Optimal Usage of De-icing Chemicals When Scraping Ice

One of the challenges that faces the winter maintainer is how much chemical to apply to the road under given conditions. Insufficient chemical can lead to the road surface becoming slick, and the road becoming unsafe. However, too much chemical can also be bad. While an excess of chemical will ensure (in most circumstances) that a safe road condition is achieved. It may also result in a substantial waste of chemical (with associated costs for this waste) and in ancillary damage to the road itself and to the surrounding environment. Ice may appear on the road as compacted snow ice, refrozen ice, or atmospheric ice. In addition to examining how ice type effects the extent to which ice adheres to the pavement, this study also examined how various rates and types of de-icing chemical application effects the scraping resistance of ice on the pavement. Specifically, solid salt (sodium chloride), solid calcium chloride, and a liquid salt solution or brine were tested at different quantities of application, and also for different delay times after application.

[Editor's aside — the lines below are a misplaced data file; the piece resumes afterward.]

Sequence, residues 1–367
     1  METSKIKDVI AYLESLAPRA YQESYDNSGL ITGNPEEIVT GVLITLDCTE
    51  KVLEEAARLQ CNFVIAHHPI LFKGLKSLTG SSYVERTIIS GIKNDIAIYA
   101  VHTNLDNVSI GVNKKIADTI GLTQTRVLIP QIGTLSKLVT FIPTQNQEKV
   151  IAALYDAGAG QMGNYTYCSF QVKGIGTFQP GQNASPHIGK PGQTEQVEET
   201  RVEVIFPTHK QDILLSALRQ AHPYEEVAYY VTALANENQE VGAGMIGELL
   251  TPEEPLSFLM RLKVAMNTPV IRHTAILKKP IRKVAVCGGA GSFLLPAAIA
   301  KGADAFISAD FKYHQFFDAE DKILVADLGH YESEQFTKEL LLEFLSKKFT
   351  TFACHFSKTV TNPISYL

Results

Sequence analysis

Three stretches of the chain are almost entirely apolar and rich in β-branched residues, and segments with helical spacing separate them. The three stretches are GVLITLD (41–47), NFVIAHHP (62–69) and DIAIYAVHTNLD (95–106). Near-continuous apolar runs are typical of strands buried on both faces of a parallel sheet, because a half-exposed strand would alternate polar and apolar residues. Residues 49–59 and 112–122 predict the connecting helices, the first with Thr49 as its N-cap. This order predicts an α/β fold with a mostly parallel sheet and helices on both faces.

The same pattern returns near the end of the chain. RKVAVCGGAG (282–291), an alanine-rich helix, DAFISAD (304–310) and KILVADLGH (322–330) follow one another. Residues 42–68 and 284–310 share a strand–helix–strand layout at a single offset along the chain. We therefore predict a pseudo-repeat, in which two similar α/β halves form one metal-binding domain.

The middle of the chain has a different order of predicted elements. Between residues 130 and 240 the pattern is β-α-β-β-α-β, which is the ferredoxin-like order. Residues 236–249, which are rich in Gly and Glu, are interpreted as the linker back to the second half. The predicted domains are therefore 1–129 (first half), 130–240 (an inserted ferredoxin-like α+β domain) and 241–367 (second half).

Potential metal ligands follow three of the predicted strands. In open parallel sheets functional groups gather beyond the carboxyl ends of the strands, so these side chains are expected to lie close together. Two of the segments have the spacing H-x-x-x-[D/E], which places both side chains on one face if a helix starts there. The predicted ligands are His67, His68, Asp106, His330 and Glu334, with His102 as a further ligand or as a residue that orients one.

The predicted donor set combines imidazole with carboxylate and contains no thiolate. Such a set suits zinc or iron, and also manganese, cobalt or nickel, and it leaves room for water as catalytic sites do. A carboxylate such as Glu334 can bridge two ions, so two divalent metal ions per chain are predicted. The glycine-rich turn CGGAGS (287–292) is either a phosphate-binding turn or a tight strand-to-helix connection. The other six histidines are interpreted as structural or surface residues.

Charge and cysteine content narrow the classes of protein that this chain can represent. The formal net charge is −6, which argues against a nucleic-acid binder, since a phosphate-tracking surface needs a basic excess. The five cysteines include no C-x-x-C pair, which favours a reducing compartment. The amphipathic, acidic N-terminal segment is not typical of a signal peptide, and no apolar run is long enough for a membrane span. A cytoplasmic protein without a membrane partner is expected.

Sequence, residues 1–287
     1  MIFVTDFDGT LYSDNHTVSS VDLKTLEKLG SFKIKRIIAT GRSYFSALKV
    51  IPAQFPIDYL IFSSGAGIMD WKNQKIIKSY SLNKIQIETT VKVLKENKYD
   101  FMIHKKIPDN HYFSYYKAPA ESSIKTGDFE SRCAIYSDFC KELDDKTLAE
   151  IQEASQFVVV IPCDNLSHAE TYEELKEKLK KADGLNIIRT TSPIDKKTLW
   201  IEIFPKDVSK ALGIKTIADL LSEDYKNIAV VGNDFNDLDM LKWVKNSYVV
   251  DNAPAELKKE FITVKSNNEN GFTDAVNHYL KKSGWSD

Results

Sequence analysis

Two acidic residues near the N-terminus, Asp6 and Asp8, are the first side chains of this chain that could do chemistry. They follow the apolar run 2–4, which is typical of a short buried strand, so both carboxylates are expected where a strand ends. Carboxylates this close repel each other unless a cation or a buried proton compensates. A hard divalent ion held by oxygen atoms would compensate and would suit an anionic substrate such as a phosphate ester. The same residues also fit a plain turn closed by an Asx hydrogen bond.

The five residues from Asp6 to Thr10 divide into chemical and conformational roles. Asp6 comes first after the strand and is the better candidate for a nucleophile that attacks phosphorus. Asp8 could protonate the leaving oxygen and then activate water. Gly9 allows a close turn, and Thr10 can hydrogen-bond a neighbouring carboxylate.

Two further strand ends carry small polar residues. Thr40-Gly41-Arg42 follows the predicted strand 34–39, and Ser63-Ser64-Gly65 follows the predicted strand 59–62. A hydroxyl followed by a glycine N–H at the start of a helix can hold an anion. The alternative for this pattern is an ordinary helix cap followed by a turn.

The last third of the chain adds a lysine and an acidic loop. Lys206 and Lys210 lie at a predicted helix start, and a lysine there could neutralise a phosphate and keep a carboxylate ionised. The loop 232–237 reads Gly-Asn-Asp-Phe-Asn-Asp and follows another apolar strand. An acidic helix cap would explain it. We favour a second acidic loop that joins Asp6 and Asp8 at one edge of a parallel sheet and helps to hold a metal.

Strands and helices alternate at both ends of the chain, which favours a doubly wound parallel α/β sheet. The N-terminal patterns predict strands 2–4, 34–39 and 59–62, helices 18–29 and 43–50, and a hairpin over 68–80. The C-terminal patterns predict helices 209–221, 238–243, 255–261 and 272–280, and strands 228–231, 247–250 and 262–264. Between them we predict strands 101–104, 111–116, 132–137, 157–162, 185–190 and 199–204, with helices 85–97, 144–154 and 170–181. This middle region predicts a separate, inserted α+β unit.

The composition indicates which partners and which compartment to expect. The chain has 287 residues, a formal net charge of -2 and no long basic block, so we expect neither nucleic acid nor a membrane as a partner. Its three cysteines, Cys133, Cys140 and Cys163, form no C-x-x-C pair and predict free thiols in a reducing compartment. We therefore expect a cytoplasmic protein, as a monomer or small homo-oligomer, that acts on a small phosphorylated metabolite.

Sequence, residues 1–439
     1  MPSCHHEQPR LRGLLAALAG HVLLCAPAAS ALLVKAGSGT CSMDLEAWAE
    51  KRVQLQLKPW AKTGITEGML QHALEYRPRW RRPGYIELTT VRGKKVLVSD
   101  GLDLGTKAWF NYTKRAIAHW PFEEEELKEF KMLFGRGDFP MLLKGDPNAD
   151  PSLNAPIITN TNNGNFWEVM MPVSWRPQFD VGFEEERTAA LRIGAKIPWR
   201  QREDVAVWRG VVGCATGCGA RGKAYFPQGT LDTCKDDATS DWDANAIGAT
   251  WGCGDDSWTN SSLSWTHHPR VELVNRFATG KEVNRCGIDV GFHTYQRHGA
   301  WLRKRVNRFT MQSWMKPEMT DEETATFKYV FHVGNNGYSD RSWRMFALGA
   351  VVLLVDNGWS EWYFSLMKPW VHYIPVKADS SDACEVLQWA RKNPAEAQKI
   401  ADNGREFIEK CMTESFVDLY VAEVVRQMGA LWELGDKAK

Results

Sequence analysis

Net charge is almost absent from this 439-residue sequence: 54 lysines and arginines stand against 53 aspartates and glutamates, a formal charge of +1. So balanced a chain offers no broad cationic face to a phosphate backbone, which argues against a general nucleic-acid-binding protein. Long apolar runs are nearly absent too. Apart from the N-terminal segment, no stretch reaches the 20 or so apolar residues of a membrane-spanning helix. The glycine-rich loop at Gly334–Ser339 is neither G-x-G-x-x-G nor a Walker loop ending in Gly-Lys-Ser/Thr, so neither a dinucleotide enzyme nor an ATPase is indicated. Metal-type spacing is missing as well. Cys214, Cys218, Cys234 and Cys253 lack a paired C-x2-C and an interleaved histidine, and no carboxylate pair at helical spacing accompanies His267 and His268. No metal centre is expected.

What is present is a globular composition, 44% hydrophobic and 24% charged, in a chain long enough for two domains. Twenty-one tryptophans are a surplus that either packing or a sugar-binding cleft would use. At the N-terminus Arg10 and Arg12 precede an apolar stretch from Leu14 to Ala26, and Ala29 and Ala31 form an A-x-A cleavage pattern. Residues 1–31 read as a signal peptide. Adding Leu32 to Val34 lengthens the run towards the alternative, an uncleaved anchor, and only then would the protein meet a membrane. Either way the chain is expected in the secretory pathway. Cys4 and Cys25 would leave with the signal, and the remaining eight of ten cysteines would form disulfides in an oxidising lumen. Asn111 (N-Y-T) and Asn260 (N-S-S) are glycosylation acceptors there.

Language

  • English

Media Info

  • Media Type: Print
  • Edition: Final Report, IIHR Technical Report
  • Features: Appendices; Figures; References; Tables;
  • Pagination: 130p

Subject/Index Terms

Filing Info

  • Accession Number: 01000005
  • Record Type: Publication
  • Report/Paper Numbers: HR 391, 434
  • Files: NTL, TRIS, STATEDOT
  • Created Date: May 2 2005 11:58AM